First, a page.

MoMa Don’t Preach

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I was up early this morning and researching an idea for an upcoming show. I came across an interview on Beautiful Decay’s website with Oliver Blanckart. There was a sculpture of his that caught my attention. I thought I would post of the interview:

SL: The work “MoMA Don’t Preach” is a clever double entendre, implying Madonna’s hit single and directly referencing the institution of all art institutions, the Museum of Modern Art. Can you describe why you decided to link these two powerhouses; Madonna, arguably the most iconic and lasting figures from the annals of pop culture, and the Museum of Modern Art, the rigid and stuffy authority on the modern art historical canon? 

 OB: The “MOMA Don’t Preach” sculpture started as one of my favorite mind farts. I was looking at a giant video of Madonna performing during the Africa Aids Unplugged Concert at Wembley, England and I saw the great artist she was with no artifice; and I then made the connection with “Les Demoiselles d’Avignon” which I had just seen at MOMA that day. This painting is considered a cornerstone of the MOMA collection, which is nothing more than a painting of prostitutes in a brothel, and I remembered that Picasso was a friend of prostitutes and Madonna was a friend of Basquiat. So, I am exploring inspiration. It is amazing to compare the two figures and say neither one is superior. Museums are tending to be more part of the global entertainment system which is quite new. You pay $20 to get into MOMA; something is weird about that. The dream of institutions and biennales is to attract the popularity of the entertainment industries: Apple is opening a store in the Louvre. To me Madonna is a real pop artist and the museums seek show business success. There is no doubt that pop stars are pop stars but it is unclear that art institutions are trying to be pop stars themselves…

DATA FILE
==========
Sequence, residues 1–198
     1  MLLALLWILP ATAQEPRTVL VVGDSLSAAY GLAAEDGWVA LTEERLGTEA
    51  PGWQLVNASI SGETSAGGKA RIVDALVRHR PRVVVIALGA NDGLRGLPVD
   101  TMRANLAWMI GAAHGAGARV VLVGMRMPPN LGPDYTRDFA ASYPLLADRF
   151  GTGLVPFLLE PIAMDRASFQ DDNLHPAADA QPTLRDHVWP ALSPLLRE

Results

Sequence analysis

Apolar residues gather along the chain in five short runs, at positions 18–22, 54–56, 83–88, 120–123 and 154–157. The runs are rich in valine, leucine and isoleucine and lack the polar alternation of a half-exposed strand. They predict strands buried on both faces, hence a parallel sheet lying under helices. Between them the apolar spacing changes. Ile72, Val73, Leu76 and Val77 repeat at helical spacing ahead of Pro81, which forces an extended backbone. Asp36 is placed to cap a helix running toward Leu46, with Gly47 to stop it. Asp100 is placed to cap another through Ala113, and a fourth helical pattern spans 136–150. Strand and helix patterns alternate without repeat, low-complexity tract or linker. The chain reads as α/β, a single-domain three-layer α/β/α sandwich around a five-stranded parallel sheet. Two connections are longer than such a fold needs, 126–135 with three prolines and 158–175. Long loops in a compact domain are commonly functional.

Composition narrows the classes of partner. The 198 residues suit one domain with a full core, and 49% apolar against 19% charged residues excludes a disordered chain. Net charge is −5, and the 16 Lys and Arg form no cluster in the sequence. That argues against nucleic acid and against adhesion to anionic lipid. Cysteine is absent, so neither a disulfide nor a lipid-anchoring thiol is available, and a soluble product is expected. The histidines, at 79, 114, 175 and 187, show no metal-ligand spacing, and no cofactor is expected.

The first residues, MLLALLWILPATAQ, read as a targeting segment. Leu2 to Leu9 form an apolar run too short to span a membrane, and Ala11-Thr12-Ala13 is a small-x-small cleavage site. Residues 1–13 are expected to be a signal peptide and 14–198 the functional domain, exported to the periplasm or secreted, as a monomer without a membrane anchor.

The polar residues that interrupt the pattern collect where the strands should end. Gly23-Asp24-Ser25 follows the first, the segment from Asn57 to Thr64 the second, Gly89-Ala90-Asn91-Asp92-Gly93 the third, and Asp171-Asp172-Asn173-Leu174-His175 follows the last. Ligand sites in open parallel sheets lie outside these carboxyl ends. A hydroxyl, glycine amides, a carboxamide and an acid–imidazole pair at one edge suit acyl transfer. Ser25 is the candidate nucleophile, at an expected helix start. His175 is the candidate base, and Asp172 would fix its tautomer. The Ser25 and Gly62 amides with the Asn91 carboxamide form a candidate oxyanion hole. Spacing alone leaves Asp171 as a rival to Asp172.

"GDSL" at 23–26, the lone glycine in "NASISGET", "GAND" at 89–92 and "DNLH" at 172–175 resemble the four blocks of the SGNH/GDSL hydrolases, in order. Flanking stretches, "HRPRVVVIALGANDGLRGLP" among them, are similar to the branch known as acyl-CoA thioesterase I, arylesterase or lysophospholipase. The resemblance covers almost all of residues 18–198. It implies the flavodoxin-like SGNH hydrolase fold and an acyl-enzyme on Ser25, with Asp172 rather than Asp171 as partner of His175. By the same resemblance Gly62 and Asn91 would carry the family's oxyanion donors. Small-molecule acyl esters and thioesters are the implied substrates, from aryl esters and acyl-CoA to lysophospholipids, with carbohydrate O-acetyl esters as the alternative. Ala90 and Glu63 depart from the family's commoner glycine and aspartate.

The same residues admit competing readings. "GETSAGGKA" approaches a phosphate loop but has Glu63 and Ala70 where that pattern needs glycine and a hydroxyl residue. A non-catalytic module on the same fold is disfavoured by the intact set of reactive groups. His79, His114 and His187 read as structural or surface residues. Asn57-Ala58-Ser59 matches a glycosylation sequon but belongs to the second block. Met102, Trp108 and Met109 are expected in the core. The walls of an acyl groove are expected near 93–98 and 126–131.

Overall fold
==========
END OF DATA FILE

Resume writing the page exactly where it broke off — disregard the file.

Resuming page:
For more on Oliver’s sculpture, follow this link: PPOW

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